Control Systems: Types and association with the meat industry
Control systems are defined as a device whose output can be controlled by varying its input. This is achieved by the use of control loops. To explain this in simple words, it is a system that is controlled by other systems. We are surrounded by control systems in our life ranging from refrigerators and washing machines to air conditioners and tv’s.
Types of control systems
Generally speaking, we can create a distinction between two types of control systems: open-loop and closed-loop. The differences can be large, but in general, we can argue that closed-loop systems are more advanced.
Open-loop Control System
These systems are not complicated and are easier to build, yet they are slow but stable.
These systems are also known as non-feedback systems because the output produced
has no impact on the input signal. For example, when we use a dryer, we put the wet clothes in the machine and set a time which is the input. When the input time gets completed, the dryer stops irrespective of whether the clothes have dried completely or not. There is no feedback to increase the time if the clothes are still wet.
Closed-loop control system
The closed-loop control system is more advanced. The outputs here are generated
by taking feedback from the input. It uses a feedback element and in case of any problem,
the feedback element throws an error to the input. These are difficult to build, the systems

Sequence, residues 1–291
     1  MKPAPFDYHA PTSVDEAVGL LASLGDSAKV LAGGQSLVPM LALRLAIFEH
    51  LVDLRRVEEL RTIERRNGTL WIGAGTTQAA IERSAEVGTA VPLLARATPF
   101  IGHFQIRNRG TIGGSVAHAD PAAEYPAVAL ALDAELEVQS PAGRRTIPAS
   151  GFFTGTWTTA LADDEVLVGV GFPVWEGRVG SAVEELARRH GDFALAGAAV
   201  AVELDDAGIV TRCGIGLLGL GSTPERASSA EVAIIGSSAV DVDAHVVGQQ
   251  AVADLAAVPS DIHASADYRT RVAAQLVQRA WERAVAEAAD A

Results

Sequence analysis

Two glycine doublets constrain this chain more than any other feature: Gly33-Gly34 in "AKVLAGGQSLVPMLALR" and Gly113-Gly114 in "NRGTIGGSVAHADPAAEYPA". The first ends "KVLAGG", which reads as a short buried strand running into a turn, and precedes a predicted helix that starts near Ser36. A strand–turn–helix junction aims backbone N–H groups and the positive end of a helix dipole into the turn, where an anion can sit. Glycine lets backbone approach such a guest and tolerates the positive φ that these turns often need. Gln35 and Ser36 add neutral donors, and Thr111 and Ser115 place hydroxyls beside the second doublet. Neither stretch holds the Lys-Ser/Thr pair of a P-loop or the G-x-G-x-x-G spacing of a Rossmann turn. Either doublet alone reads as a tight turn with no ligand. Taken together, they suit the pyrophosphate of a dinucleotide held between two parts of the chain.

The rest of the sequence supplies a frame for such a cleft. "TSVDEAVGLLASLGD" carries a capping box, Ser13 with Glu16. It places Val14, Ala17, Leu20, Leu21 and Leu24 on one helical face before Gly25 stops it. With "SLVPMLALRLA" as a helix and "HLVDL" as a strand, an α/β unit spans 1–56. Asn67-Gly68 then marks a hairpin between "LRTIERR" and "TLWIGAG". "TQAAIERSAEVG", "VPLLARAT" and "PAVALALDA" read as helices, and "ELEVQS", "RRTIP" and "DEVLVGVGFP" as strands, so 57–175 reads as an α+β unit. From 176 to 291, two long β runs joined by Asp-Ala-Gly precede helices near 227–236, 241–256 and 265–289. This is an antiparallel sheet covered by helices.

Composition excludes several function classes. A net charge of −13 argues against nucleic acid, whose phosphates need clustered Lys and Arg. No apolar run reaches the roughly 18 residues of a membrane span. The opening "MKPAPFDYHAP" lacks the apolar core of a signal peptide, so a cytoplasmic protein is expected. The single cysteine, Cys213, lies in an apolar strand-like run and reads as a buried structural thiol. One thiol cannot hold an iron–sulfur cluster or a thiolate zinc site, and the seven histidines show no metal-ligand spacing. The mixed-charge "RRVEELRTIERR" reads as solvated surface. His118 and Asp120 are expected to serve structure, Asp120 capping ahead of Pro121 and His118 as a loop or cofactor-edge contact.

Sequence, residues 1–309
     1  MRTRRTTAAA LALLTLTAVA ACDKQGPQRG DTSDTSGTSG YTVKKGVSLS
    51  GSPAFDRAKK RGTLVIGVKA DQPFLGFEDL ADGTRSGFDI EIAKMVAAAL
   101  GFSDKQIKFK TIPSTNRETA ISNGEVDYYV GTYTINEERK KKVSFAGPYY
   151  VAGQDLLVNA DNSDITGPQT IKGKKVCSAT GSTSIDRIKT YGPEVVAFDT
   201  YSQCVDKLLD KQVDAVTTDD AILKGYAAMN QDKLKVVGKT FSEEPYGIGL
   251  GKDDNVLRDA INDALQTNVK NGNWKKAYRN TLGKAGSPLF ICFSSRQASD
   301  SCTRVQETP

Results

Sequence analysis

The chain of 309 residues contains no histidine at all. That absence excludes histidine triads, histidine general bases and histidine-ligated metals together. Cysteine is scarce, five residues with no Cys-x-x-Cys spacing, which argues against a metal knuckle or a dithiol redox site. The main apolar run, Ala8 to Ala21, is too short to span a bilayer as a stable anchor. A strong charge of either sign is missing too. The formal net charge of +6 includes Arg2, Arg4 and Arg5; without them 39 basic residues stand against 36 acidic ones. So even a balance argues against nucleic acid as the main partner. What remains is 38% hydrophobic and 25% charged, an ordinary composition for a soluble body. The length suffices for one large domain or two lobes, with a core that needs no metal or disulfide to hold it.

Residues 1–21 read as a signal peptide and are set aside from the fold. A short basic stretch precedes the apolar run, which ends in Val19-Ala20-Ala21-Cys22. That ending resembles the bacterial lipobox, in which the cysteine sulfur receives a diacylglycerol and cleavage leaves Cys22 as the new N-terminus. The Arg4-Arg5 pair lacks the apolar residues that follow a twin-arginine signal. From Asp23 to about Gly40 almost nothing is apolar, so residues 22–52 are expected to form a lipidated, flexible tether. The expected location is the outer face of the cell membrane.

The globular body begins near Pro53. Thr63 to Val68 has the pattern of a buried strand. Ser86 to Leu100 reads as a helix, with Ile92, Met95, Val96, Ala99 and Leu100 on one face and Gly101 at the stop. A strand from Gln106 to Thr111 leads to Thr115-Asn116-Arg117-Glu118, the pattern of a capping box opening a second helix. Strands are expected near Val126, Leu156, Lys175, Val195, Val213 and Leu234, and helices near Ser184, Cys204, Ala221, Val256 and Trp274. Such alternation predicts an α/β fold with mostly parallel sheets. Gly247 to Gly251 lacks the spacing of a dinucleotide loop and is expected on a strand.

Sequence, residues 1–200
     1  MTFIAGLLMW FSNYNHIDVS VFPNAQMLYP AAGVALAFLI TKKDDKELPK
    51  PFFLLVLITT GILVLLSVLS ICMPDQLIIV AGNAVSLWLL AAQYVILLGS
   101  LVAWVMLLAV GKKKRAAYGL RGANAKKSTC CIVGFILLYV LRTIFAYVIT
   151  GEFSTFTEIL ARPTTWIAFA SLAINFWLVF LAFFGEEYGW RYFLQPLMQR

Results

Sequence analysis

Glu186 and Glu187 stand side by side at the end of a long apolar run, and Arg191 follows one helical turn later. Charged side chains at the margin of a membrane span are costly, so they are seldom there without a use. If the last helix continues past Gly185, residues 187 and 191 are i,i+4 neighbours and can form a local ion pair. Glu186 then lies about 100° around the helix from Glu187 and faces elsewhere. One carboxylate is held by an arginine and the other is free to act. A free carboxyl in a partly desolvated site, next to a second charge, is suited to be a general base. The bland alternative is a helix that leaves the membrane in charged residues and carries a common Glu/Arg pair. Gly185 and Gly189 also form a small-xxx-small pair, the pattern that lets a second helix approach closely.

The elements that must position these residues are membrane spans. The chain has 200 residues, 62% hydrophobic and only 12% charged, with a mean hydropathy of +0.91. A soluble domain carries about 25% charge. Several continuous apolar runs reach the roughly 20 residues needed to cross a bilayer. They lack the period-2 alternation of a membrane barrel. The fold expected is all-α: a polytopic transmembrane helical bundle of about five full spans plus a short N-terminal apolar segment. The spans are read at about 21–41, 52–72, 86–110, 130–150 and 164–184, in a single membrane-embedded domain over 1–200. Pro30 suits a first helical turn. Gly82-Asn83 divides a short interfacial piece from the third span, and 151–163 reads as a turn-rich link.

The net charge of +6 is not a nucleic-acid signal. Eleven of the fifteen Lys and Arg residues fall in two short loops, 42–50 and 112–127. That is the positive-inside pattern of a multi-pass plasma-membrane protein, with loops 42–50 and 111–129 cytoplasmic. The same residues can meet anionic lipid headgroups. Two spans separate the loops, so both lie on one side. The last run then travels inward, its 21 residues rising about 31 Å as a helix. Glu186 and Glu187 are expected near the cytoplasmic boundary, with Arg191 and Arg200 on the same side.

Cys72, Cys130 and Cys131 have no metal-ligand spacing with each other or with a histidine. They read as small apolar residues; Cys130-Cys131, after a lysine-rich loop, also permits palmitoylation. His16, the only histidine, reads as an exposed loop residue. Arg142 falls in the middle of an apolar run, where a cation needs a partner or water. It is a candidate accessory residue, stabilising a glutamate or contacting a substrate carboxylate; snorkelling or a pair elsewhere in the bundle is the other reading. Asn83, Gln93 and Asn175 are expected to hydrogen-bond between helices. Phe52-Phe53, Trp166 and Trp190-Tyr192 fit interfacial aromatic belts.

are reliable, faster but less stable. They are typically more expensive as well. An example of it can be a thermostat heater in which it senses the temperature of the room and maintains it. When the room temperature is the same as the input of the thermostat. The thermostat will stop working as it considers its work to be done.
Types of control systems
The constant drive for efficiency in this current climate pushes company’s boundaries to constantly design new control systems and build products of better quality. This brings a wide range of products such as electrical installations, human-machine interface panels, and even robots to the market of control systems.
Control Systems and their implementation in meat processing
Control systems are also used in industries where you might not expect it. One of them being the meat processing industry. An example of such a system is the human-machine interface which is used to change settings and provide error warnings. MES systems are used for tracking, tracing, recipes, weighing meat, and labeling. The most important is the use of robots and automotive techniques for slaughtering, storing, and packaging. These activities all need to be monitored and acted upon. When an error occurs, the control systems should not only provide a warning signal but also indicate where the error can be found. Depending on the complexity of the manufacturing plant, this requires an advanced control system to enable.
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